• R v Rowe [1996] NSWCCA 1 (3 October 1996) – New South Wales Court of Criminal Appeal
    Deterrence’ – ‘Family hardship’ – ‘Kidnapping’ – ‘Physical violence and harm’ – ‘Rape’ – ‘Relevance of victim's wishes’ – ‘Sentencing’ – ‘Victim contribution

    Charge/s: Kidnapping, rape.

    Appeal Type: Appeal against sentence.

    Facts: The male applicant and the female complainant lived in an ‘off and on’ de facto relationship over a period of five years and had two children together. Immediately prior to the offences, the relationship had broken down again. The applicant became jealous because he believed the complainant was seeing a new man. He then forced the complainant into his car, drove her to his premises, threatened to kill her family and this new man, and proceeded to have sexual intercourse with her without consent. He was sentenced to seven years imprisonment, with an effective minimum term of four years. The complainant wrote to the sentencing judge stating that she had resumed a relationship with the applicant, she did not want him to go to prison (particularly because of the trauma that would result to their children), and she had forgiven the applicant.

    Issue/s: Some of the grounds of appeal included –

    1. The sentencing judge gave insufficient weight to his subjective features including his age, background, disrupted and violent upbringing, education and employment.
    2. The sentencing judge gave insufficient weight to the wishes of the complainant

    Decision and Reasoning: The appeal was dismissed. First, the sentencing judge did not err when he rejected the claim that these subjective circumstances had a relationship to the commission of these offences and therefore ought to have mitigated the sentence (See 472). Second, Hunt CJ dismissed the contention that the sentencing judge ought to have given greater weight to the wishes of the complainant. As at 472-473:

    ‘This Court has said more than once that the attitude of complainants cannot govern the approach to be taken in sentencing. In Glen, Simpson J pointed out that, whilst forgiveness by the victim may be relevant in some cases, exceptional caution is required in allowing such evidence to be given in relation to domestic violence type offences. The present offences fell within the same category, where the nature of the relationship between the offender and the victim is such that the victim will frequently, and clearly contrary to their own interests and welfare, forgive their attacker. The importance of general deterrence in such cases overrides any minor relevance that evidence of forgiveness might have.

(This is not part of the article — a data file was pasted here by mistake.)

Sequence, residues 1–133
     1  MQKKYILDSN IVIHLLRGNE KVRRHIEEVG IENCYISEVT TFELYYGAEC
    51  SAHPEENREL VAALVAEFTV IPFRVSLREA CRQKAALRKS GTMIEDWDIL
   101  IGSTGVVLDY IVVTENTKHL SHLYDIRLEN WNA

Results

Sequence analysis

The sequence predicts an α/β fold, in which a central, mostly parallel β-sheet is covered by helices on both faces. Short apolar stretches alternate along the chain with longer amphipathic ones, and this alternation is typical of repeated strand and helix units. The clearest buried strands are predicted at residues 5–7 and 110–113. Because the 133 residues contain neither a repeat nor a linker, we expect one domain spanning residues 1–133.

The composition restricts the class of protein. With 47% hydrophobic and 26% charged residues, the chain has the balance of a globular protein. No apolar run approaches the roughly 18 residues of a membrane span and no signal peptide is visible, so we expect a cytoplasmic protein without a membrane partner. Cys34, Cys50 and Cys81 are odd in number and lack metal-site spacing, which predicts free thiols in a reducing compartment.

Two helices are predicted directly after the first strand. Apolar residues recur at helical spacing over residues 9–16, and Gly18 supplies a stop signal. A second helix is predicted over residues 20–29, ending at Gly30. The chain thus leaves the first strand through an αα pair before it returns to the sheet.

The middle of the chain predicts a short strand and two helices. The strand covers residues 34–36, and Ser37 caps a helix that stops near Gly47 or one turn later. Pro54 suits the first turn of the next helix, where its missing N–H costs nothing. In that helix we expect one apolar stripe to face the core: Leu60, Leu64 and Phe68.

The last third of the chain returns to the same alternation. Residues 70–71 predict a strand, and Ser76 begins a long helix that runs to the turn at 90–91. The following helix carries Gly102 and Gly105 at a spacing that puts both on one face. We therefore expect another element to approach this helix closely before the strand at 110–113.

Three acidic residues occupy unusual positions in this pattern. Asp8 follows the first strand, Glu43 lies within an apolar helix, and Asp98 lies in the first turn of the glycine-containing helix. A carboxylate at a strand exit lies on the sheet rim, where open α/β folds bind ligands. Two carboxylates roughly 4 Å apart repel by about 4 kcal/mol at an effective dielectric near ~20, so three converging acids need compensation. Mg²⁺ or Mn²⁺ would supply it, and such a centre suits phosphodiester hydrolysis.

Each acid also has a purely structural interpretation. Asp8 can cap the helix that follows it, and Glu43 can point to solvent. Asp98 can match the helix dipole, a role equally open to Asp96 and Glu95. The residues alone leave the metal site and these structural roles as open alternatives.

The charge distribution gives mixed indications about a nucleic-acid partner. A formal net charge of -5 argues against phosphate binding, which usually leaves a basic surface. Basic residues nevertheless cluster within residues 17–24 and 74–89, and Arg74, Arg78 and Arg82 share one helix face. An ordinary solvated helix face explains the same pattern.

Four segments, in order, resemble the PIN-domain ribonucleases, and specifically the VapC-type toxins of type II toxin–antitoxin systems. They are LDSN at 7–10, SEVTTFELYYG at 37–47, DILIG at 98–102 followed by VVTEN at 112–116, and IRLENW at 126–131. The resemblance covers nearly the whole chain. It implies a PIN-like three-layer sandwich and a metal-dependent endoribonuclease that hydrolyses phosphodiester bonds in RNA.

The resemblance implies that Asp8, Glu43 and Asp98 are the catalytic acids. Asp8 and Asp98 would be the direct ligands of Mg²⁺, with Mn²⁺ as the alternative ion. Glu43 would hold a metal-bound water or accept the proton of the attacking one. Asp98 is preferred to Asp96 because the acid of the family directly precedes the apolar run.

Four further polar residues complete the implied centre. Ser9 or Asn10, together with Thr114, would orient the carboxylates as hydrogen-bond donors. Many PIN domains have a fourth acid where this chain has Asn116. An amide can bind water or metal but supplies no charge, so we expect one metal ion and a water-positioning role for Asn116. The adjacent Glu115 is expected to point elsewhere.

‘This Court has also said more than once that the hardship upon the family of an offender will not be relevant in mitigation unless it goes beyond that which inevitably results in any case of incarceration and unless it is sufficiently extreme as to demand that the judge draw back. That has not been established in this case. It may be ironic, as has been suggested, that the victim and her children are going to suffer the punishment imposed upon the offender, but the fact remains that the law requires such a punishment to be imposed’.

  • Deterrence’ – ‘Physical violence and harm’ – ‘Relevance of victim’s forgiveness’ – ‘Sentencing’ – ‘Sexual intercourse with consent’ – ‘Victim contribution

    Charge/s: Sexual intercourse without consent.

    Appeal Type: Appeal against conviction and appeal against sentence.

    Facts: The male appellant and the female victim had been in an intermittent relationship for two years and had a daughter together. The appellant had sexual intercourse with the victim without her consent in the front yard of his premises. At the time of offence, he was upset about his possible denial of access to his daughter.

    Issue/s:

    1. The appellant did not appreciate when he pleaded guilty that he was acknowledging the absence of consent of the victim to sexual intercourse.
    2. The admission of guilt involved in the plea should be regarded as tainted and not a free and voluntary confession.
    3. The sentencing judge fell into error by failing to give adequate weight to the lack of any relevant prior record, the emotional background to the incident - including the appellant’s fears concerning future contact with his daughter, the remorse expressed and the attitude of the complainant.